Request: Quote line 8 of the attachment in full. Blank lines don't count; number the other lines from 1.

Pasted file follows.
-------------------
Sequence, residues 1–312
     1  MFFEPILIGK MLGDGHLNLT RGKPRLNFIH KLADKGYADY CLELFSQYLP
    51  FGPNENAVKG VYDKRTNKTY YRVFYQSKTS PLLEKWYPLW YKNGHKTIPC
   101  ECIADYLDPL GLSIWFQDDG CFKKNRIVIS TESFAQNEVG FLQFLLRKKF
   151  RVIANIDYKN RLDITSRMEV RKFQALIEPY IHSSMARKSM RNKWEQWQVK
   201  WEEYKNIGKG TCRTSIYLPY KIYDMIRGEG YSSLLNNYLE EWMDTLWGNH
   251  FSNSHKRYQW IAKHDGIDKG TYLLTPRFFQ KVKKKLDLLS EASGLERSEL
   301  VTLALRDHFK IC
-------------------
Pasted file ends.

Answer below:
   301  VTLALRDHFK IC